from the editor

Looking Forward

Folio Weekly does St. Augustine

Posted

When I took the helm of Folio Weekly last October, I was anomalous. (Don’t worry. I’m used to it.) I, Georgio Valentino, do not live in Duval County. I reside in St. Augustine.

Now, to be sure, I’m almost as fraudulent a St. Augustinian as I am a Jacksonvillian, having landed in the Ancient City only six months previously from god knows where (conspiracy theories abound). But the fact remains: The editor of Folio Weekly lives in St. Augustine. Let that sink in.

Our office is still in Downtown Jacksonville, of course. (It’s a fun commute!) And we continue to devote a lion’s share of our ink to the behemoth that is Duval County. (I’m starting to feel my way around.) But St. Augustine and its environs have long been part of our remit.

So our inaugural Best of Saint Augustine, whose winners are announced on the following pages, is probably overdue. Readers might have registered a recent rise in St. Augustine-related stories across our varied sections as well, from news to editorials to arts and entertainment. We’re renewing our commitment to the area in many ways.

Why? First, because St. Johns County is a vital part of Northeast Florida’s metropolitan ecosystem. Many of you live and work there. And that number is growing. Northern St. Johns County has become a suburban safety valve for Jacksonville, with affluent retirees migrating to Ponte Vedra, up-and-coming families heading to Nocatee, and discontented rednecks taking refuge in the trackless, unincorporated hinterland of one of the state’s most fiercely conservative counties. (By way of silver lining, the Duval Democratic majority grows as Jacksonville’s Republicans defect en masse to deep-red St. Johns.)

The dynamic is problematic in some ways, as it diverts valuable tax resources and civic engagement away from Duval’s ailing services, especially its schools. And, let’s be honest, there are clear racial overtones to the exodus: It’s a straightforward case of white flight.

Then there’s St. Augustine. The Ancient City was once a diamond in the rough, but the world is slowly getting hip to the fact that it’s one of the most historically significant sites in the entire United States. In Florida, there’s no competition. (Key West? Pensacola? Don’t make me laugh!) And yet, ever since the Great Depression put an end to the city’s Gilded Age pretensions, St. Augustine has largely been run like a cheap roadside attraction. Now, for better or worse, those days are coming to an end.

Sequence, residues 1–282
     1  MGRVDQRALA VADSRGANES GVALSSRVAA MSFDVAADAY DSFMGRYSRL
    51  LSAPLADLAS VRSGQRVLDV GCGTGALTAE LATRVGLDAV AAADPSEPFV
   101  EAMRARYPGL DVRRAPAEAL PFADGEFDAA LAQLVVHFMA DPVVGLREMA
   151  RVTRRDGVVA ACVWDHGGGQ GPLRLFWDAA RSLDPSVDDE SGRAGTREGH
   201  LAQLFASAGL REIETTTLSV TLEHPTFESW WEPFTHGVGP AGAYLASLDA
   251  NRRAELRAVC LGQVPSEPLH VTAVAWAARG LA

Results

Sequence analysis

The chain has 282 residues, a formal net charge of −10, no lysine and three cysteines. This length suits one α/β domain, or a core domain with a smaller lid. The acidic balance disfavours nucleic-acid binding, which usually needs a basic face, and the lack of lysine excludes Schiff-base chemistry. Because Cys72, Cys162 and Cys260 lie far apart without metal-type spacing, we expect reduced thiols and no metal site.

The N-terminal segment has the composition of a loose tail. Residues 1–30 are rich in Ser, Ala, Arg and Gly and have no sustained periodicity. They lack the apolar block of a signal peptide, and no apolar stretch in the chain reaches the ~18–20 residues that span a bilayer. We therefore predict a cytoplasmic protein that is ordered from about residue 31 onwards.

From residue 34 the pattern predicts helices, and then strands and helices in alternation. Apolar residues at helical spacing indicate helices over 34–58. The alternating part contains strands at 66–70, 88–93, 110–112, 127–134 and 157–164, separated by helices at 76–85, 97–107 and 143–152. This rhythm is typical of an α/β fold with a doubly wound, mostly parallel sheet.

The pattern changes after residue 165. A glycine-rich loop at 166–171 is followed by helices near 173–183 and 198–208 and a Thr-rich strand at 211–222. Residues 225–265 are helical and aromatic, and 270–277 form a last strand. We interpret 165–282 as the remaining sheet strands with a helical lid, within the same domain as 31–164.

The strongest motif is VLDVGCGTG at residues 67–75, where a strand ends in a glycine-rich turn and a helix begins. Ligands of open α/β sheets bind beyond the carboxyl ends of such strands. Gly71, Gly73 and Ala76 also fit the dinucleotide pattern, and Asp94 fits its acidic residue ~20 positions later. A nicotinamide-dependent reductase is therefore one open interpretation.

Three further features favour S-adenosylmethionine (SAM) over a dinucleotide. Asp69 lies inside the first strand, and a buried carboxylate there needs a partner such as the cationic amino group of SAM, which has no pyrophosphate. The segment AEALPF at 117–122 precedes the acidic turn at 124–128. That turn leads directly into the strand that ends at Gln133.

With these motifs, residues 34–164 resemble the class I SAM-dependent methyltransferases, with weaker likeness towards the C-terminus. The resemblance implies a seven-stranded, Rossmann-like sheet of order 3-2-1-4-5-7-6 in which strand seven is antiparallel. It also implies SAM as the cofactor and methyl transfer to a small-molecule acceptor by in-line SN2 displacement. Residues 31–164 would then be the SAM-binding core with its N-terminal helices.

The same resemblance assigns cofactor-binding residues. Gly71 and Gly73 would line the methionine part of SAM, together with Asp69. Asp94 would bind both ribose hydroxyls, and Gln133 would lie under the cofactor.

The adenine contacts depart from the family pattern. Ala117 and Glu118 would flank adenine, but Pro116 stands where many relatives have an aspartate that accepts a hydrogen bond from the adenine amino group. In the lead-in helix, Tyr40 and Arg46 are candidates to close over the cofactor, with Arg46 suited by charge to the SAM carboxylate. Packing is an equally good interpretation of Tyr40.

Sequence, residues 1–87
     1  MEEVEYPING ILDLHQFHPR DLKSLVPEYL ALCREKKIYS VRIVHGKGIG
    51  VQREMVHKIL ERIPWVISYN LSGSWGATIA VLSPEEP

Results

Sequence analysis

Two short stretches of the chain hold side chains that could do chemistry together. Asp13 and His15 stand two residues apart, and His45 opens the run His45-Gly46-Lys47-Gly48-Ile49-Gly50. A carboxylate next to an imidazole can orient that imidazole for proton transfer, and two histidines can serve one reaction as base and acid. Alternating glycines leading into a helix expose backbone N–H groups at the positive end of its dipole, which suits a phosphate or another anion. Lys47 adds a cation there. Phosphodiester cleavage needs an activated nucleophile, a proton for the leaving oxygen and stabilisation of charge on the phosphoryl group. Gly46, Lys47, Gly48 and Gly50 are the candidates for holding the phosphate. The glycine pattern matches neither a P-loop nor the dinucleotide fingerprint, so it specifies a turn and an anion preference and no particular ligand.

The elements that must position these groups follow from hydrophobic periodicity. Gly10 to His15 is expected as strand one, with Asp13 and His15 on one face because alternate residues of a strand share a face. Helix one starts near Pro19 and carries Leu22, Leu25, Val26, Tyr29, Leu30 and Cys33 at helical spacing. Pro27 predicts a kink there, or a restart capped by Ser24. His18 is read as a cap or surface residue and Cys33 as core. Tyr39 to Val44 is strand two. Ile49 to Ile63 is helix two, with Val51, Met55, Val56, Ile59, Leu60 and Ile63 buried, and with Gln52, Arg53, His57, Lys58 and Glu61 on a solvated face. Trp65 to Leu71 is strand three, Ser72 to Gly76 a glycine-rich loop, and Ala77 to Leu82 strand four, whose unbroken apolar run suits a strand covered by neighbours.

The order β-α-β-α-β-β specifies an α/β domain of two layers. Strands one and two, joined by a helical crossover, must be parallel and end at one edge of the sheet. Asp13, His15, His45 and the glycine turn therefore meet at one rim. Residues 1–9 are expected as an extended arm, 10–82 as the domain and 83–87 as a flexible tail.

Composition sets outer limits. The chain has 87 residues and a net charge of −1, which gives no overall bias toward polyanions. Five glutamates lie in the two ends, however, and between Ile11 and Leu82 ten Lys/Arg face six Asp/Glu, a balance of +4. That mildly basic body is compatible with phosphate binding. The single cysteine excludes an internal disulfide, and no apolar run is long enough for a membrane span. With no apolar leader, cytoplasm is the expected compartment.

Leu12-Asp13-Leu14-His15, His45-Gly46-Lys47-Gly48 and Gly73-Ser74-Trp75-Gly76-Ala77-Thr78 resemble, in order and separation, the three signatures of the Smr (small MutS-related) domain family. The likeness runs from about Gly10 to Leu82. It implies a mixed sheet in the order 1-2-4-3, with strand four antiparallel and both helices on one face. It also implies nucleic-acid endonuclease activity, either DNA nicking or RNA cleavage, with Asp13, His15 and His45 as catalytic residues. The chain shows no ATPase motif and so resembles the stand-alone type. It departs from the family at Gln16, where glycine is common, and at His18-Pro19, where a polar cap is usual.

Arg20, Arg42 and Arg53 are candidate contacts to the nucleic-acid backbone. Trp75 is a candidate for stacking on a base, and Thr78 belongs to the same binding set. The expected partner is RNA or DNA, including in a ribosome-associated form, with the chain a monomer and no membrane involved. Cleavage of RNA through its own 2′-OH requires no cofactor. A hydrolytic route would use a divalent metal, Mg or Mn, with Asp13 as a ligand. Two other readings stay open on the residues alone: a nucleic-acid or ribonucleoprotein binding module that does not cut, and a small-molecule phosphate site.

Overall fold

With the influx of northerners, mostly from Duval County and New Jersey, and a new wave of tourism from Florida’s booming latinx community (I welcome my fellow Puerto Ricans with open arms), St. Augustine is changing rapidly.

Forget about the cultural and political implications for the moment. The numbers alone have swamped city infrastructure. Like Manhattan, the presqu’île of historic St. Augustine—bounded on three sides by the Matanzas and San Sebastian rivers—ain’t getting any bigger; unlike New York, however, we have a city ordinance that imposes a 35-foot ceiling on any new construction. We all know what happens when supply can’t keep pace with demand. Real estate prices and congestion are through the roof.

Change is inevitable. Will it come through capricious, backward-looking diktat, commanded by the city’s near-feudal oligarchy of good-old-boy dynasties? Will it come in the form of unregulated, laissez-faire suburban sprawl, advocated by corporate daily newspapers? Or will it come from a healthy quorum of stakeholders, representing citizens as well as landed gentry and corporate interest groups?

Be warned here: The citizenry here is no silver bullet, but rather a woefully mixed bag. To its credit, it’s moving in a more thoughtful direction. Hurricanes Matthew and Irma forced most of the area’s residents to open their eyes on environmental issues. But there remain some rather surreal sticking points in this 21st century, as evidenced by Mayor Nancy Shaver’s delicate electoral coalition. While she is broadly progressive, the mayor dares not touch the third rail of St. Augustine politics: the Confederate monuments on the Plaza de la Constitución.

I get it. As an elected official, Shaver is walking a tightrope. And if she falls, her replacement could easily be a real sh*tkicker. I’m more thoroughly disappointed in my alma mater, the University of Florida, for its refusal to properly “contextualize” the Plaza monument under its charge. (Hint: The only appropriate “context” is a museum.)

Eventually, though, it won’t matter. At some point in the future, those monuments will be removed from the public square. St. Augustine is trending more and more cosmopolitan. Residents and tourists would rather immerse themselves in Spanish (and British) colonial life, Minorcan heritage and Gilded Age decadence than hear another pseudo-romantic eulogy of the lost cause. Yawn. In the perspective of St. Augustine’s four-hundred-fifty-three-and-a-half-year history, the Confederate interlude (lasting fewer than 14 months) was the blink of an eye. It’s time we treat it as such.

As these issues resolve themselves, as the Ancient City assumes its rightful place in the pantheon of historic American sites, as Northern St. Johns County becomes a full-fledged bedroom community of Jacksonville, Folio Weekly will be there, keeping ’em honest ... and enjoying the Best of Saint Augustine.

@thatgeorgioguy

No comments on this story | Add your comment
Please log in or register to add your comment